Flummoxed

How does one approach working with a skilled singer with years of professional experience who cannot sing on pitch? Is it just that the person has somehow forgotten how to breath correctly, or has lost their resonances or ideas about correct resonance? Is it because the person has somehow forgotten how to hear the notes? What could cause someone who has normal vocal folds and normal hearing and normal speech to be unable to sing well? How in the world could this be?

Truth is, we don’t know. We do know, however, that the problem is not caused by breathing, resonance or pitch issues. Yet each of the people who has come to me for assistance has been told by other well-meaning teachers that the problems were just those. How does that make any sense? I am flummoxed!

Further, I have many young singers working with me who have come because their voices are a mess, technically speaking. Yes, the vocal folds are normal and yes, they can speak, but the singing is all over the place. Wild, erratic vibratos, overdone breathing, poor posture, tension in the neck and/or shoulders, uncontrolled tone that is often unpleasant and sometimes also pitch problems, legato problems, and stamina problems. How is it that the teachers they are working with do not see and hear that things are askew? I’m not talking about beginning teachers, with little experience. I’m talking about people who have been teaching for years. I am, unfortunately, talking about people teaching in university programs in lots of places.

In working with voices that don’t do what they should, one must assume that there is always a reason why this is so. If the person is sincerely doing their best to sing (and they are or they wouldn’t be studying anywhere), why are their best efforts so unsuccessful? When one is supposed to be listening and watching for function, not noticing basic things like the ones described above, seems amazing to me. Every tiny little thing matters in a flawed voice when it belongs to a skilled singer, especially one with a good voice who could sing at one time — with the students, well enough to get into a school and with the adults, well enough to work professionally. The teacher cannot afford to miss one small glitsch in the sung sound or in the way the person attempts to produce it.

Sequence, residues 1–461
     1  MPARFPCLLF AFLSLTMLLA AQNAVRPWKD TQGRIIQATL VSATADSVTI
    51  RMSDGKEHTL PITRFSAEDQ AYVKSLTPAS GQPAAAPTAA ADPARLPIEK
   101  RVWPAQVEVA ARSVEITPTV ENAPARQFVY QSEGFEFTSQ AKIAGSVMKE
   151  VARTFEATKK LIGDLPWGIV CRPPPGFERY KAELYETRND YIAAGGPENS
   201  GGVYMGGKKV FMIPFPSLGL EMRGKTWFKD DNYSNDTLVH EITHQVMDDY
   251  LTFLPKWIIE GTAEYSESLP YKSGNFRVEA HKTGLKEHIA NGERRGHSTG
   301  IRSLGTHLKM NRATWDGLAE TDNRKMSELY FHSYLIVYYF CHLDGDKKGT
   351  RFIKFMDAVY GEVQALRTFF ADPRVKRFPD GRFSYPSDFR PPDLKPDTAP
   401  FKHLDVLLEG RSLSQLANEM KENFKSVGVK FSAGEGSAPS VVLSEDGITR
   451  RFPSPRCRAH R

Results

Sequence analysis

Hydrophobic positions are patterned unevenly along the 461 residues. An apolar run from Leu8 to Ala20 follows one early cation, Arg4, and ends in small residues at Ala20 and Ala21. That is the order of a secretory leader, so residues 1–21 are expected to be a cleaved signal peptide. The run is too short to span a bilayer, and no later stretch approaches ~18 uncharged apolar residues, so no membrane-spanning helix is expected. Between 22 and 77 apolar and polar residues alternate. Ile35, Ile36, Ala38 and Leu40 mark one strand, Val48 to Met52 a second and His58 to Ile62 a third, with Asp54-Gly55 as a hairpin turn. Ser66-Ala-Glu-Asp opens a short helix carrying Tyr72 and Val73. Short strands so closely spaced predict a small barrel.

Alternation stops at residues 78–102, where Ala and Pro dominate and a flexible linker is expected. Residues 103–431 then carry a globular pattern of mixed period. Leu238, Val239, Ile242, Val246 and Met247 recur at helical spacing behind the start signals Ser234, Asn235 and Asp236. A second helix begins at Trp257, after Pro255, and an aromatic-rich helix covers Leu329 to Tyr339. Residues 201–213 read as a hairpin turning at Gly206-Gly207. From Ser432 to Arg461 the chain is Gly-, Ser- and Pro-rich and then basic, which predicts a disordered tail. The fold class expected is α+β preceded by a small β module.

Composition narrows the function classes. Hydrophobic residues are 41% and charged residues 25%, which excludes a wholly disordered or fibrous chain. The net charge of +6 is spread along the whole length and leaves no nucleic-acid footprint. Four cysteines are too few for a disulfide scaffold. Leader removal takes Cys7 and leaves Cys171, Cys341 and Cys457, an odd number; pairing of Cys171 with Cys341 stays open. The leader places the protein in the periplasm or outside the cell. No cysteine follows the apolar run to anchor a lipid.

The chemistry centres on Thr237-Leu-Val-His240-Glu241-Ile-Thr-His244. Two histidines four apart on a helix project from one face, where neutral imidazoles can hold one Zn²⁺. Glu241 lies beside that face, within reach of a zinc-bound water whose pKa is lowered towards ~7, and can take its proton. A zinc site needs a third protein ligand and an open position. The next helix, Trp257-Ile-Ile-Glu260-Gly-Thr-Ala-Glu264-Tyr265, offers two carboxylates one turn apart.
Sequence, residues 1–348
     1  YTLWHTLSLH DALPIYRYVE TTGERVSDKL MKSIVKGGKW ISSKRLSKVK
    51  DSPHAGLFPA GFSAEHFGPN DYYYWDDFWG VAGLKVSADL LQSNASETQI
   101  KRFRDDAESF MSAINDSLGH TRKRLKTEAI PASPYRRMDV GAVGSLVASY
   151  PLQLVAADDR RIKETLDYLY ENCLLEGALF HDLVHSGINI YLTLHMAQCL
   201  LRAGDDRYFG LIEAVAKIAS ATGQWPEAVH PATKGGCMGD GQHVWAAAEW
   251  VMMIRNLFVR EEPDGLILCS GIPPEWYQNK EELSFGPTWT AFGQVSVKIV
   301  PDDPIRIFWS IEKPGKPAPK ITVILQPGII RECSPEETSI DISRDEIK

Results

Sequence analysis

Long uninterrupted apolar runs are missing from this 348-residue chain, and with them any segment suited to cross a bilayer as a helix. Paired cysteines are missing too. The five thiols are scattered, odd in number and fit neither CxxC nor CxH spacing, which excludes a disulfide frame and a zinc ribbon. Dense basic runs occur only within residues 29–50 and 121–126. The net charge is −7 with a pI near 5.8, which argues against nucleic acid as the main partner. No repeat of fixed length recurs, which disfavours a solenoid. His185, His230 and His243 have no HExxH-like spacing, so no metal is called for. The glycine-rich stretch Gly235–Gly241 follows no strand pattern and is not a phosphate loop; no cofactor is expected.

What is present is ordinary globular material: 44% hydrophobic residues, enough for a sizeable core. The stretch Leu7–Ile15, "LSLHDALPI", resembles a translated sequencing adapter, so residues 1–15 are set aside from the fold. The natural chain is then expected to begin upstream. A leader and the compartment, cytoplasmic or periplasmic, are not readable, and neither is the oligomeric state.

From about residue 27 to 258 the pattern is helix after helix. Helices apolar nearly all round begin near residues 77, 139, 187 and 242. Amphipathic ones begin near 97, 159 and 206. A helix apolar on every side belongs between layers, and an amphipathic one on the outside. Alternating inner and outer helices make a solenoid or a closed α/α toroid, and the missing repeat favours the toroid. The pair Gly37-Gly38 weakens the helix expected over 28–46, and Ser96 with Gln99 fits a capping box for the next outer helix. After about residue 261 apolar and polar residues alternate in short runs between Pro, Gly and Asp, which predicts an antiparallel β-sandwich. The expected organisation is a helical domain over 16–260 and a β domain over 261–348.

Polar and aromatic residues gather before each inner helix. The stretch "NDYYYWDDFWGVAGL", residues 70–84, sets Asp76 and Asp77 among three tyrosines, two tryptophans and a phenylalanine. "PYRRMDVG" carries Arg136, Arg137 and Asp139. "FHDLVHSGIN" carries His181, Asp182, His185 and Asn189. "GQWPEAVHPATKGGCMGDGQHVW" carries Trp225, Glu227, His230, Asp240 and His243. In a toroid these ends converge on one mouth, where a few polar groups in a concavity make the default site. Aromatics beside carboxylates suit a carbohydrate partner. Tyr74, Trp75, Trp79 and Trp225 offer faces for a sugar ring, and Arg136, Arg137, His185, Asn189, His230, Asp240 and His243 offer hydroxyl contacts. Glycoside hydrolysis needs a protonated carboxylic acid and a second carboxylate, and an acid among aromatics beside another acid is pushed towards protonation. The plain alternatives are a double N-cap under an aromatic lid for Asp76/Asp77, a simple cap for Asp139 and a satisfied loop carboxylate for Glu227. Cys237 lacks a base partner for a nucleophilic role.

Sometimes fixing such problems takes a long time. The muscles responsible for the issues mentioned here are always the internal muscles, which in turn cause problems in the neck, shoulders, jaw, tongue and face. They are not easily accessible and do not respond quickly to stimulus. Care must be taken to work in various ways, slowly, repetitively, and with patience. A great deal of moral and emotional support must come along with this work, as it is arduous for the singers involved and fraught with upset, fear or anxiety, distress, worry and vulnerability.

I am exasperated that vocal function issues are yet so unknown to most people who work with the voice, regardless of what style of singing they teach. This is changing, now more rapidly than ever, but for those who are caught in the sticky mess of vocal distress, right now, the lack of available experts to turn to for assistance can only be one more frustration added to the burdens they already bear. If you know someone who has “lost their voice” but can still talk normally, or someone who has “given up singing” because of severe vocal issues like these, please tell them that help exists. They just need to find someone who knows what’s wrong and how to appropriately address the problems (read that as NOT with exercises for breathing, resonance or pitch matching).

Perhaps someday some of the folks who have worked with me will write their own stories so that others can benefit from their personal experiences. The path of recovering one’s voice is personal, but anyone who has ever had to unlearn something and try again to find a better way would relate to the journey. If you know that I am talking to you and also understand what I have written, I urge you to put pen to paper and express what you have been through. Don’t let the writing intimidate you. We all need to know about what you have experienced, plus and minus. It is very important that the fog be lifted.

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